With the Grade 2s and 3s, after students finished their designs, we did a rapid paper prototype. Given a piece of paper, glue, tape, and scissors, students were tasked with creating a 3D model of their structure in a limited amount of time. It didn’t have to be perfect but the goal was to see if what they designed would be easily built (feasibility) and what it might require as they also consider the found materials available. During the rapid prototyping, I quickly got a sense that some students were stuck on where to begin. A few were stressed, thinking about the fact that they had limited time. For some, they quickly got in the zone and began building, creating and making changes as they went. Once finished, it was time yet again for the students to reflect.
When reflecting, both orally and in writing, I use guiding questions to help students to think about their experience and also think about their next steps. After our paper prototyping, this was no different.
This time, students were asked the following six questions:
- In the space below, tell me about the structure that you built.
- What was the easiest part of building your paper prototype?
- What was the most challenging part of building your paper prototype?
- If you could build your paper prototype again, what would you do differently?
- Now that you have built a prototype of your structure, what steps will you take when it comes to building your real structure? What do you have to keep in mind?
- List the found materials that you will need to build your structure.
Some of the answers were fascinating.
- One student was surprised at how anxious they were about building “the perfect structure” and that when it came time to build, their anxiety prevented them from starting to actually build what they wanted. Their next step is to look back at what they hoped to design and see whether or not it is feasible and to plan out the steps of what they will do first, second, etc.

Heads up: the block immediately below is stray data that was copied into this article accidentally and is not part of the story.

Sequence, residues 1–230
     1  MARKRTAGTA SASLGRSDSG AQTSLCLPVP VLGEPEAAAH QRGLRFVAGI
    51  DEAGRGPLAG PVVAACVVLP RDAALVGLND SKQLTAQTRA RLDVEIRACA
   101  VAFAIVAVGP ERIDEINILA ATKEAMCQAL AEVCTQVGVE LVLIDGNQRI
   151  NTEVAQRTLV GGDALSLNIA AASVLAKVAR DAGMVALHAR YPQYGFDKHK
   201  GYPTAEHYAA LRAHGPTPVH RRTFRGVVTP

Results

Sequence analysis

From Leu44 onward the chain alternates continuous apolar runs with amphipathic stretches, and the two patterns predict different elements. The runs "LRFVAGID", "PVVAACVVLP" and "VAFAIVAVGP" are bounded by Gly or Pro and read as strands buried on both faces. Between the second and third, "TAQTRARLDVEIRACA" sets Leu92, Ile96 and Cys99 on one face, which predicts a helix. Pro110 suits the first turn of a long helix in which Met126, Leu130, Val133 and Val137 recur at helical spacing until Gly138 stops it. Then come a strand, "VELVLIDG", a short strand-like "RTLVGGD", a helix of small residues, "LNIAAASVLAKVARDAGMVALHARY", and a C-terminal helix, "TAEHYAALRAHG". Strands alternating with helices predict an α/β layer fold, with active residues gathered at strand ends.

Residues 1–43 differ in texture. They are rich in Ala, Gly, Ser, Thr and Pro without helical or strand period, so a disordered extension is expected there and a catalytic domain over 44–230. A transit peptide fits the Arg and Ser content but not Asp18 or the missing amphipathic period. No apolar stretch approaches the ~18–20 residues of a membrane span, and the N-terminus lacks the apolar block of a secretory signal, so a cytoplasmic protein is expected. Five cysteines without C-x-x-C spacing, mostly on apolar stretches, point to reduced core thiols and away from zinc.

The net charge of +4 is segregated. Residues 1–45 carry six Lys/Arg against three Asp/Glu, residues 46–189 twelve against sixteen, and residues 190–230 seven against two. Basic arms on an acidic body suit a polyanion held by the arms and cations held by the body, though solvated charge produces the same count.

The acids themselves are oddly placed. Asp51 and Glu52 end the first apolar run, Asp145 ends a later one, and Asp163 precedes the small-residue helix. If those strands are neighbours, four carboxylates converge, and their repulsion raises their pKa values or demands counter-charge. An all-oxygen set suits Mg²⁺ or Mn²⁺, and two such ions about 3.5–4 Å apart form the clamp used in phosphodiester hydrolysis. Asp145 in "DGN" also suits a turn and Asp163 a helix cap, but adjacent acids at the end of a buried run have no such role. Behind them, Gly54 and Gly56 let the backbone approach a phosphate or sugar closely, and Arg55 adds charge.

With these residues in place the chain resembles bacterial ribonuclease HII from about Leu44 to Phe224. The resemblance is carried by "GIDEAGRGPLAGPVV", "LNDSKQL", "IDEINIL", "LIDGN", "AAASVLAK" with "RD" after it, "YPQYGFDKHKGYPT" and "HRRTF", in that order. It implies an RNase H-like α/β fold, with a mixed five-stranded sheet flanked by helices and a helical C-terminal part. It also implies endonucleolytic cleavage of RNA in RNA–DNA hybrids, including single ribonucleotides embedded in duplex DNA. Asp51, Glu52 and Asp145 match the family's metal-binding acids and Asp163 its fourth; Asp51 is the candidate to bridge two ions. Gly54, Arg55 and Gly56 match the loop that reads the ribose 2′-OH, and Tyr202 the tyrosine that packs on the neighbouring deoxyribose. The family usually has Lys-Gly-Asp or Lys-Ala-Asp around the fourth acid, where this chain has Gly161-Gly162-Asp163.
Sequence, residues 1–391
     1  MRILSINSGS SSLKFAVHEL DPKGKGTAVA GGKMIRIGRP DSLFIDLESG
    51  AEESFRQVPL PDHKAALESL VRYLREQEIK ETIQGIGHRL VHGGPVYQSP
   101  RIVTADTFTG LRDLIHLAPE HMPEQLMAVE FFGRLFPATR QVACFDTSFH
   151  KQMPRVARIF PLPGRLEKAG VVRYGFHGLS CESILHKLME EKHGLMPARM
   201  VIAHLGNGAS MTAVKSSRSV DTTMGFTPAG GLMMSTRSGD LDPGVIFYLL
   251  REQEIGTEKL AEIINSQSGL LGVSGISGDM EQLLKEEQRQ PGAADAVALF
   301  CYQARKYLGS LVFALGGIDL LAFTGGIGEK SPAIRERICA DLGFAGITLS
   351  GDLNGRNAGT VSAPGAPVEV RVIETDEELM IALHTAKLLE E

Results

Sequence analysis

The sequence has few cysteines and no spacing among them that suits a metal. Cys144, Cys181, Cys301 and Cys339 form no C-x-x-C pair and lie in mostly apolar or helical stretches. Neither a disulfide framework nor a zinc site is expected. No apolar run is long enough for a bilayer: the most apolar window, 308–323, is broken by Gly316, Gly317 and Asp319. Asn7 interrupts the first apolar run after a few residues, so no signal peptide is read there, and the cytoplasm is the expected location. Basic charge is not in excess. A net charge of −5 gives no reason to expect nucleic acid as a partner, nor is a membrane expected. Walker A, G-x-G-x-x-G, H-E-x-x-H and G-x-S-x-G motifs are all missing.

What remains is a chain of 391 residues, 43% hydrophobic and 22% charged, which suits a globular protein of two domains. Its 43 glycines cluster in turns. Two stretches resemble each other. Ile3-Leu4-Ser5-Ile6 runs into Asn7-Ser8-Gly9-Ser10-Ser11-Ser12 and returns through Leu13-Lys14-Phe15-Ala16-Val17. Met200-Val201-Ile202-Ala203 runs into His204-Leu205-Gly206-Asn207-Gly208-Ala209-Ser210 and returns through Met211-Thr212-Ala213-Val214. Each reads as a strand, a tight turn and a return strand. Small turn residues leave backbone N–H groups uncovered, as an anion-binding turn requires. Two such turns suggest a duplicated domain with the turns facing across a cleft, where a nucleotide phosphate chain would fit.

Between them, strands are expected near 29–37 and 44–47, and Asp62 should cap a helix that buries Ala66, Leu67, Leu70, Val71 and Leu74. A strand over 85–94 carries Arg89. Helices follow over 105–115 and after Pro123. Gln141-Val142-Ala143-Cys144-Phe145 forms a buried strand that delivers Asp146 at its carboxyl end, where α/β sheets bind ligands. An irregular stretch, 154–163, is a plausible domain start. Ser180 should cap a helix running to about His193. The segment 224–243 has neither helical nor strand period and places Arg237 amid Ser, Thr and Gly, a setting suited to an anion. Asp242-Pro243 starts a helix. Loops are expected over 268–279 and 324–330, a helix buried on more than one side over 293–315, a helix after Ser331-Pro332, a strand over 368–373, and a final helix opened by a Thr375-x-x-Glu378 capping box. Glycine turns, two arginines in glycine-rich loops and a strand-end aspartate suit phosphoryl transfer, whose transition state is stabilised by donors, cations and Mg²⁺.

- Another student realized that materials are limited. While they were unrolling large amounts of tape for their paper prototype, they realized just how much they were wasting and are considering what else they might use instead to strengthen their structure. This led to us having a conversation about the use of materials for building projects and why we were mainly trying to reuse materials that were around the school. We also discussed other ways of fastening materials.
- One student thought that what they built for their paper prototype was much better than what they had designed and will be taking some time to re-draw their design prior to building. They want to make sure that their thoughts as they built were being captured so that they would remember them later. The paper prototyping for them was an opportunity to build with concrete materials and gave them more ideas as they worked with the materials.
The students have been building their actual structures for the past week and it’s been such a pleasure to watch. Next, we will be moving into the Media Literacy part of our work which will see them creating commercials for their structures. I can’t wait to see what they come up with and I do know that through reflection – both for students and myself – the learning will continue.